Thou hast wounded me, mayst thou now That plausible governor condescends to say, O my Saviour! “ Thou hast wounded humour their superstition: they dare not my heart with one of thine eyes;" that one come into him; he yields to go forth to eye of thy mercy hath wounded my heart them. Even Pilate begins justly: “ What with a deep remorse for my grievous sin, accusation bring you against this man ?" with an indignation at my unthankfulness; It is no judging of religion by the outward that one glance of thine hath resolved me demeanour of men; there is more jus. into the tears of sorrow and contrition.- tice amongst Romans than amongst Jews. O that mine eyes were fountains, and my These malicious Rabbis thought it enough, that they had sentenced Jesus; no more | malice, this blood had not been shed. How was now expected but a speedy execu. palpably doth their tongue bewray their tion. « If he were not a malefactor, we heart ! “ It is not lawful for us to put any would not have delivered him up unto | man to death." Pilate talks of judgment, thee.” Civil justice must be their hangman. they talk of death. This was their only It is enough conviction that he is delivered aim : law was but a colour, judgment was up to the secular powers: themselves have but a ceremony; death was their drift, and judged, these other must kill. Pilate and without this nothing. Blood-thirsty priests Caiaphas have changed places: this pagan and elders! it is well that this power of speaks that law and justice which that high | yours is restrained: no innocence could priest should have done; and that high- have been safe, if your lawless will had had priest speaks those murdering incongruities no limits. It were pity this sword should which would better have beseemed the be in any but just and sober hands. Your mouth of a pagan. “ What needs any new fury did not always consult with law: what trial? Dost thou know, Pilate, who we | law allowed your violence to Stephen, to are? Is this the honour that thou givest to Paul and Barnabas, and your deadly at. our sacred priesthood ? is this thy valuation tempts against this blessed Jesus, whom ye of our sanctity? Had the basest of the vul- now persecute? How lawful was it for you gar complained to thee, thou couldst but to procure that death which ye could not have put them to a review. Our place inflict? It is all the care of hypocrites to and holiness looked not to be distrusted. seek umbrages and pretences for their hateIf our scrupulous consciences suspect thy ful purposes, and to make no other use of very walls, thou mayest well think, there laws, whether divine or human, but to serve is small reason to suspect our consciences. turns. Upon a full hearing, ripe deliberation, and Where death is fore-resolved, there can. exquisitely judicial proceeding, we have sen- | not want accusations. Malice is not so bartenced this malefactor to death: there needs ren as not to yield crimes enough : “ And no more from thee but thy command of they began to accuse him, saying, We found execution.” O monsters, whether of malice this fellow perverting the nation, and foror injustice! Must he then be a malefactor bidding to give tribute unto Cæsar, saying, whom ye will condemn ? is your bare word that he himself is Christ and king.” ground enough to shed blood? whom did What accusations, saidst thou, O Pilate? ye ever kill but the righteous ? by whose heinous and capital: thou mightst have behands perished the prophets? The word lieved our confident intimation ; but, since was but mistaken: ye should have said, If thou wilt needs urge us to particulars, we had not been malefactors, we had never know, that we come furnished with such delivered up this innocent man unto thee. an indictment as shall make thine ears glow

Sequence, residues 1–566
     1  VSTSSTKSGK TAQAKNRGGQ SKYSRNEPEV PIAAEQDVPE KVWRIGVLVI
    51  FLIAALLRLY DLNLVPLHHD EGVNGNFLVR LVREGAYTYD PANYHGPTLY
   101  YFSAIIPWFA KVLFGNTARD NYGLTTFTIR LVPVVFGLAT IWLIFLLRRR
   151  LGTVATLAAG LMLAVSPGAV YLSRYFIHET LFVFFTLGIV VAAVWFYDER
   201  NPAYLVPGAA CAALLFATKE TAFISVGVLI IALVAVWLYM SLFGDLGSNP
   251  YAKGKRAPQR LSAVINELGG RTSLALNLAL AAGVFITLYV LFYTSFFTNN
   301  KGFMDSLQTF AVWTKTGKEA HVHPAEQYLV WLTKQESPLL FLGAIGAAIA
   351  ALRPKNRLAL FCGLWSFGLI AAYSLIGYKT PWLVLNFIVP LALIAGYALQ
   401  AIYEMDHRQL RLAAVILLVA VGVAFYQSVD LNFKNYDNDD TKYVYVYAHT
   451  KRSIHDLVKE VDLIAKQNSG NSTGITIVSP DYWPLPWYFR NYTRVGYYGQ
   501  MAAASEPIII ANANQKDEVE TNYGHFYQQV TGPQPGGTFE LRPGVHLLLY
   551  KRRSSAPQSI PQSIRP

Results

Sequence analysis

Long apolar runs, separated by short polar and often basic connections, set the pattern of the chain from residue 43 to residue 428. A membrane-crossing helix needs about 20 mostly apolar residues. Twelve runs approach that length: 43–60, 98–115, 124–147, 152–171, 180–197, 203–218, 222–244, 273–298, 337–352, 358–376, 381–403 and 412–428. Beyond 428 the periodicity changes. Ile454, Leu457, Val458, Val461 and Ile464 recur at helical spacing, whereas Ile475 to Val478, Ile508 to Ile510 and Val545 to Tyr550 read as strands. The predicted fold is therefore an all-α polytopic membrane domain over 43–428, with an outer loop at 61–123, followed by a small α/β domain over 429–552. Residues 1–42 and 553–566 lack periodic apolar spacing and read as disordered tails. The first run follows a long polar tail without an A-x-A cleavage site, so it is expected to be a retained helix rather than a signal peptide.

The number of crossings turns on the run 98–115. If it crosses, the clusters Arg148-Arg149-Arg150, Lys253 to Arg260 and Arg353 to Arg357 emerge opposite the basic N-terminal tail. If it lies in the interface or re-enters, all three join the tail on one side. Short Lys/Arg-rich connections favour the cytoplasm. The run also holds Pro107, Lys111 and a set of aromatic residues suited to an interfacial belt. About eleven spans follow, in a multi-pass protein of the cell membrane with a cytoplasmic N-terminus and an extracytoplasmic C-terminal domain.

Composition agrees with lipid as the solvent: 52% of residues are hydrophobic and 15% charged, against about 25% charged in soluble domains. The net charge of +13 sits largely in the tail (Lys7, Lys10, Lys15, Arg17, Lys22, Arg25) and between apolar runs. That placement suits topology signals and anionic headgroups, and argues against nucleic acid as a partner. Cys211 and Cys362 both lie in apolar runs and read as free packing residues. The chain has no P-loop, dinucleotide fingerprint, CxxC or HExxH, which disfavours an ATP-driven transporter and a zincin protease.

It must needs be notoriously unjust, to hear it. Besides that blasphemy whereof which very nature hath taught pagans to he hath been condemned by us, this man abhior. Pilate sees and hates this bloody is a seducer of the people, a raiser of sedi. suggestion and practice. Do ye pretend tion, an usurper of sovereignty. O impudent holiness, and urge so injurious a violence suggestion! What marvel is it, O Saviour, If he be such as ye accuse him, where is if thine honest servants be loaded with his conviction ? if he cannot be legally con- slanders, when thy most innocent person victed, why should he die? Do ye think I escaped not so shameful criminations. Thou may take your complaint for a crime? If I a perverter of the nation, who taughtst the must judge for you, why have ye judged for way of God truly!- thou a forbidder of tri. yourselves ? Could ye suppose that I would bute, who paidst it, who prescribedst it, condemn any man unheard? If your Jewish who provedst it to be Cæsar's due! - thou laws yield you this liberty, the Roman laws a challenger of temporal sovereignty, who yield it not to me; it is not for me to judge avoidedst it, who renouncedst it, who pro. after your laws, but after our own. Your fessedst to come to serve! O the forehead prejudgment may not sway me; since ye of malice! Co, ye shameless traducers, and have gone so far, be ye your own carvers swear that truth is guilty of all falsehood, of justice: “ Take ye him and judge him justice of all wrong; and that the sun is according to your law.”